On August 30, 2005, the Census Bureau reported
that the poverty rate was essentially unchanged in 2004 and that
the level of income inequality was unchanged, as well.
Still, expect the familiar refrain that the "rich are getting
richer" to be echoed once again. It is important to understand what
the Census numbers on poverty and income inequality really say and
to draw the correct conclusion from them. While the report
overstates both income inequality and poverty, the numbers do show
that Americans would benefit from expanded economic opportunities.
Pro-growth policies, such as a less distortionary tax code, are the
way to achieve this end.
The poverty rate
increased to 12.7 percent in 2004, up slightly from the 12.5
percent reported in 2003. While a rise in the poverty rate is not a
good sign, there are a variety of positive indicators in the latest
rose in one region of the country, the Midwest. Poverty rates in
the West, South, and North Central regions were unchanged.
rose for white (non-Hispanic) adults, and not for children, the
elderly, or minorities. The poverty rate for Asians dropped by a
full two percentage points.
decreased among the elderly, from 10.2 to 9.8 percent.
In short, the rise
in poverty occurred almost exclusively among working age adults.
This points the way to improvement: more pro-growth policies that
produce more jobs, lowering the unemployment rate and poverty in
America. Between late 2001 and early 2004, the unemployment rate
fluctuated between 5.7 percent and 6.3 percent nationwide. Only in
the past year-after the full force of the President's pro-growth
2003 tax cuts had been felt-has there been a persistent decrease in
the unemployment rate, which now stands at 5.0 percent.
should resist calls for increased government social spending.
Welfare reform clearly demonstrated that greater economic
opportunity comes from increased work and economic independence,
not from generous governmental programs. If the current positive
employment numbers persist for the remainder of the year, then the
2005 poverty rate will likely come in below the 2004 rate.
numbers, as the Census Bureau currently presents them, have a
variety of flaws that limit their usefulness. The poverty rate is
determined by the money income definition, which excludes the
variety of in-kind, non-cash benefits, such as Medicare, Medicaid, food stamps, and other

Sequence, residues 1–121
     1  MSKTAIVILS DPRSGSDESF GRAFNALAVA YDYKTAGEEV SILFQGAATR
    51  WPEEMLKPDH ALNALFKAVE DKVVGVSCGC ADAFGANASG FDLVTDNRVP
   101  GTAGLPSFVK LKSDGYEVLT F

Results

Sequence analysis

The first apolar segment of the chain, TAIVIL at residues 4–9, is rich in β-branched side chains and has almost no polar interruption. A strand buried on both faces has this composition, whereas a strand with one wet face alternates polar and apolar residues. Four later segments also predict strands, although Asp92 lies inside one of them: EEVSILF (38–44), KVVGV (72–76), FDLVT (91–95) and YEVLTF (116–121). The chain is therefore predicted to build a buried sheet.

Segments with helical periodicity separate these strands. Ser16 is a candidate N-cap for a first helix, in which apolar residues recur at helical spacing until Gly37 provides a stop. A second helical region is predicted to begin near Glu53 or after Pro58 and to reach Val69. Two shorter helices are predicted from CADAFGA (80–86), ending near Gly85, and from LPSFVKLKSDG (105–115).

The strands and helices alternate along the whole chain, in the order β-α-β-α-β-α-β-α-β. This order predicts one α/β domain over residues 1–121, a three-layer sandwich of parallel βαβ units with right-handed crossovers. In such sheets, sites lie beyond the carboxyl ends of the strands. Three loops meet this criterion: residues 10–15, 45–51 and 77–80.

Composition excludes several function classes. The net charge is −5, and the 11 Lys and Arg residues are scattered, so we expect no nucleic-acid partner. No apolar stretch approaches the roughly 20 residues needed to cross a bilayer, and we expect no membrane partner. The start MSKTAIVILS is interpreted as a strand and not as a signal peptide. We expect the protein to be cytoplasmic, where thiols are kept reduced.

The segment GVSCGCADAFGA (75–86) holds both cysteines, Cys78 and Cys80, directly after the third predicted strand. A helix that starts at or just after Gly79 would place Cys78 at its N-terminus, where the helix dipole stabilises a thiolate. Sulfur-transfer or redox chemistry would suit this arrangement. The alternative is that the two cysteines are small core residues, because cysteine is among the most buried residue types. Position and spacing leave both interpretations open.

forms of assistance. The Census figures also do not include taxes
or tax payments like the Earned Income Tax Credit (EITC). If
taxes were subtracted from income and non-cash benefits were added
in, the poverty rate would be more than two percentage points lower
than reported, based on historical experience.
An example may
help to illustrate how this works. A single parent who earns
$11,000 per year and has two children would be considered poor by
Census standards. However, that family would receive more than
$4,000 under the EITC, raising its income sufficiently to clear the
Census definition of poverty.
Income inequality is an especially egregious
example of bad data informing public policy. Again, the Census
Bureau considers only money income in its inequality calculations
and does not take into consideration the effects of taxation.
Because the United States has a progressive tax structure,
low-income individuals pay few taxes, while high-income individuals
pay most of the individual income taxes in America.
Thus, Census reported that the top quintile
earned 50.1 percent of money income in 2004, slightly above its
49.8 percent take in 2003.
The share of income going to the bottom two quintiles was unchanged
at 3.4 percent and 8.7 percent, respectively. However, if taxes
were included in these calculations, the results would show much
less income inequality in the United States.
Another major problem with the Census numbers
is that the Census Bureau bases its quintile statistics on
households instead of individuals. Many households in the bottom
quintile are single-parent households or single-person units. In
contrast, households in the upper quintile are generally larger.
Earlier work shows that the top quintile of households may account
for almost a quarter of the population, compared to only fifteen
percent in the bottom quintile.
Thus, households in the upper quintile contain
more earners than households in the lower quintile. Census data
show that the level of income inequality is partly explained by the
difference in hours of work between the different quintiles. The
top two quintiles, for example, account for well over half of all
work in the United States.
It is not surprising that the level of income in the top two
quintiles reflects the preponderance of hours worked.
While the annual
income and poverty report provides good information, it is limited
in its usefulness. In particular, the report overstates both income
inequality and poverty in America. Policymakers would therefore be
wise to take the report's findings with a grain of salt.
should, however, continue to enact pro-growth policies that expand
the economic opportunities of Americans rather than more social
Kirk A. Johnson,
Ph.D., is Senior Policy Analyst, and Rea S. Hederman, Jr., is
Senior Policy Analyst, in the Center for Data Analysis at The